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Electronic Health Records in a Small Hospital Essay

The success or failure of the adoption of EHR in a small hospital largely depends on whether the staff will accept the technology and ensure its meaningful use. That is why it is highly important to prepare nurses for the upcoming implementation at the meeting. It has been proven by experience that the process of change is usually unpredictable and fluid; this implies that a nurse facilitator has to be flexible and sensitive to resistance since the success will largely depend on the commitment and involvement of the team (Murdoch & Detsky, 2013). The whole personnel should collaborate, share information, technical skills, and knowledge, and support each other during the transition to new technology. To achieve this, the meeting will be organized according to Everett Rogers’ theory:

  1. Relative advantage: The idea is that the rate of adoption will directly depend on the perceived value of the innovation, which is far more important than an objective advantage (Charles, Gabriel, & Furukawa, 2013). This means that my task is to convince nurses that the introduction of EHR will bring about considerable benefits. The most important thing is to answer what this innovation will mean for each of them personally. I will speculate on safer patient care (and therefore reduced stress levels), improved communication (less time spent on the coordination of efforts), and professional growth due to the acquisition of new skills.
  2. Compatibility: As a facilitator, I must not only understand how EHR will align with the existing practices but also if nurses perceive innovation as consistent with their own personal and professional values and needs. It is difficult to overcome change resistance. The staff must be aware of all its features and be absolutely certain that it is installed and maintained in a proper way so that it could satisfy their working needs. The idea is to communicate personal profits and values that can be obtained (Adler-Milstein, Everson, & Lee, 2014).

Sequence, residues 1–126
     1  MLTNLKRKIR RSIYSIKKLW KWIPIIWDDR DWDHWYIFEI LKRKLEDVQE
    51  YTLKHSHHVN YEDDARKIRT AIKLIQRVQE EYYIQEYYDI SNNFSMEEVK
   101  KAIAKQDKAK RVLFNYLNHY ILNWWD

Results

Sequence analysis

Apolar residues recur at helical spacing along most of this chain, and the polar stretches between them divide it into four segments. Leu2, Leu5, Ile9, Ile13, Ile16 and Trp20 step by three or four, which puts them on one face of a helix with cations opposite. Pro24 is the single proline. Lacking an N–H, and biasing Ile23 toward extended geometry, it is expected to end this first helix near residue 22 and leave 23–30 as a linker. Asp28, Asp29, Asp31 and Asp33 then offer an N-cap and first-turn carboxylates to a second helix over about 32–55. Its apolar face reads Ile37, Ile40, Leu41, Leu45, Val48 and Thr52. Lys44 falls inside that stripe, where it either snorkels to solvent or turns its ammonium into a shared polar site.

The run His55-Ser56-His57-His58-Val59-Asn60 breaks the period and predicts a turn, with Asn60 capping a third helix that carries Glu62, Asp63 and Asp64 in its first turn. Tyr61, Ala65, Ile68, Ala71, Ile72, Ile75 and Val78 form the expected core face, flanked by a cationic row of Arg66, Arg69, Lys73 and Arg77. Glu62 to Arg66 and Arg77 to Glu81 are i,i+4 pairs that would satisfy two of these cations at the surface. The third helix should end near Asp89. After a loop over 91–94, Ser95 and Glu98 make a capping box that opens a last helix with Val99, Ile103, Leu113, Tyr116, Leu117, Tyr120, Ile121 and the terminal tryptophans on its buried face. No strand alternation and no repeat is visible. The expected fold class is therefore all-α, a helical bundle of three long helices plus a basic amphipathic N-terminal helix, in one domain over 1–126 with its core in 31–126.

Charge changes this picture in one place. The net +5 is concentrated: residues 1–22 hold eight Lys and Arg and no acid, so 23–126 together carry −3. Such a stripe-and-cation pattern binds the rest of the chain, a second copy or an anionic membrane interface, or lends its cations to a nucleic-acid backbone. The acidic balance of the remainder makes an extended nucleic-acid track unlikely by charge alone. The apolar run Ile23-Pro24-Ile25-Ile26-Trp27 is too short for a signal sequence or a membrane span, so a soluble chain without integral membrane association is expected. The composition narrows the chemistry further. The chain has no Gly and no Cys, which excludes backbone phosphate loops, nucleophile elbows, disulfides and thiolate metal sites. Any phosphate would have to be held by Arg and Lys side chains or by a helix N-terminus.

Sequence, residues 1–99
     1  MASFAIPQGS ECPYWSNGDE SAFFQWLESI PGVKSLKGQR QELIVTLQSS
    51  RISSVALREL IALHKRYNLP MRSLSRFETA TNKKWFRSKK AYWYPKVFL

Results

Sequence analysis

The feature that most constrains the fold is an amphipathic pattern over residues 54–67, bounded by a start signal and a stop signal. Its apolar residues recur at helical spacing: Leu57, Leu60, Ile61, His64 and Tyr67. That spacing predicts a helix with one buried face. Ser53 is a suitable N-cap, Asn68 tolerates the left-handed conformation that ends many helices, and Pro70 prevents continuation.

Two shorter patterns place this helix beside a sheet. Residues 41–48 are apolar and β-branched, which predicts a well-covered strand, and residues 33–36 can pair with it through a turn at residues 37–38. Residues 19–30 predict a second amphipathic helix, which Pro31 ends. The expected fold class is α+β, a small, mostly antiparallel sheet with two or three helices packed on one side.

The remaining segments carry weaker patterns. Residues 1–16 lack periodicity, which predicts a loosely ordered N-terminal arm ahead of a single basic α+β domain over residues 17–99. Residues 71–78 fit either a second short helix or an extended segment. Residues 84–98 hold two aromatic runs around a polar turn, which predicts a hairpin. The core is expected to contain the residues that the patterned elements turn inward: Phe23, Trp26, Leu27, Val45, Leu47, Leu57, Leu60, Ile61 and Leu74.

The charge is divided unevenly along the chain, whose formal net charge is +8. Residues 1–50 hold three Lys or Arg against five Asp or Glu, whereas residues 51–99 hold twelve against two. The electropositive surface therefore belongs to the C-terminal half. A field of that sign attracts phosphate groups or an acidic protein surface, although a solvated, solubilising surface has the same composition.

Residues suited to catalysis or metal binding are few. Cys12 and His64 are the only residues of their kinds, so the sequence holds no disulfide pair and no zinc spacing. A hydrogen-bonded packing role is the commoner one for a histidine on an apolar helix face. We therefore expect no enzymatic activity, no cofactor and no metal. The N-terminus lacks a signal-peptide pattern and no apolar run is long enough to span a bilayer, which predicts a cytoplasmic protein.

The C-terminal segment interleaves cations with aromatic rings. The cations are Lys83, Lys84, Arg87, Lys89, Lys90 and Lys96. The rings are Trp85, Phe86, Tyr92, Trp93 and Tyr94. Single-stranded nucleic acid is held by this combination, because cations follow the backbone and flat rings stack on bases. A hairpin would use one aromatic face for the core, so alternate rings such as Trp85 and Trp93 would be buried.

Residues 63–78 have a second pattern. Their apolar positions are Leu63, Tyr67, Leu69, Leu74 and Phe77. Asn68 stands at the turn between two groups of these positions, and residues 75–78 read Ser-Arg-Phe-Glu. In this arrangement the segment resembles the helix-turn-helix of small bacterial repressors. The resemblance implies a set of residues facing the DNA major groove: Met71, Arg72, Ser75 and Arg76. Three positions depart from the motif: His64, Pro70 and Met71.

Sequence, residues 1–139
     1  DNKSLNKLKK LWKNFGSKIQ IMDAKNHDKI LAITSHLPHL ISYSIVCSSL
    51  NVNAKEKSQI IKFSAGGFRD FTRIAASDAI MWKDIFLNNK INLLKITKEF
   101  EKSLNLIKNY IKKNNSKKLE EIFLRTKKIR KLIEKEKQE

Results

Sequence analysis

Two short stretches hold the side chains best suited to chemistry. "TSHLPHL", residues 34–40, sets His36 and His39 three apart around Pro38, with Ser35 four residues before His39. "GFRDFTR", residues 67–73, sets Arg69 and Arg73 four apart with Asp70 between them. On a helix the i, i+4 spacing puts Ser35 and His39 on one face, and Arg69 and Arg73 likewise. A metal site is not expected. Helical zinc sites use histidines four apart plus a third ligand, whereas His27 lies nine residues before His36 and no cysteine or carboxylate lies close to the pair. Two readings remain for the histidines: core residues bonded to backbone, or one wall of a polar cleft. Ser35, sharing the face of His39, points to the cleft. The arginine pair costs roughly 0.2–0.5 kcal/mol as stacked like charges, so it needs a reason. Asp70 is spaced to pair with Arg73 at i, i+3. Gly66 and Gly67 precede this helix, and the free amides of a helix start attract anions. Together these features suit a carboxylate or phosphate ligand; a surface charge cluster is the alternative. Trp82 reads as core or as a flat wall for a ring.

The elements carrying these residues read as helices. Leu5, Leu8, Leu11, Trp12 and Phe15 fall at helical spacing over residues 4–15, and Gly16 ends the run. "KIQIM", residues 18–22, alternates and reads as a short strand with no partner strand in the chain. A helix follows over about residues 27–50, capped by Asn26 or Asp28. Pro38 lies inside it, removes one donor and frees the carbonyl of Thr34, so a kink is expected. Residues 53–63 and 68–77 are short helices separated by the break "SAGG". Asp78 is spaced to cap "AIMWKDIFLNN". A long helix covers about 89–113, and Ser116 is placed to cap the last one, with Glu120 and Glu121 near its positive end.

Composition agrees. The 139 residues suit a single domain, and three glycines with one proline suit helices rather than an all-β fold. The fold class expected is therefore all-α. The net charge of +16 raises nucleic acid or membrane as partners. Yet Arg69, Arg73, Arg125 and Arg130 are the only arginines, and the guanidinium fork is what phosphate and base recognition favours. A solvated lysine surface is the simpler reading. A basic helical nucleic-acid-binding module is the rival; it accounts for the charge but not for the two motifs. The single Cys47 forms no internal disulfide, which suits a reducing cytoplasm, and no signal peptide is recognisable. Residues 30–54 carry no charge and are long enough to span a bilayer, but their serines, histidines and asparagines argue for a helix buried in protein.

3. Simplicity: After the meeting, each nurse must realize that it would not be difficult for him/her to use EHR. My task is to eliminate the illusion of the perceived difficulty that causes change resistance. It is also important to show that all staff members have the necessary abilities and skills that would make it easier for them to learn how to use the new technology (Murdoch & Detsky, 2013). It is true that EHR is a highly complex system: Its implementation requires a lot of training, diligence, and close attention. However, it all starts with self-confidence.
  4. Trialability: At the meeting, nurses must have a chance to try EHR on a limited basis, which is rather challenging for a small hospital. However, they will be able to work with some smaller sections of the program to see the way it operates as well as the advantages it provides. Moreover, such an experience will be useful from the psychological point of view as it is likely to decrease the perceived complexity of the entire program (Adler-Milstein et al., 2014).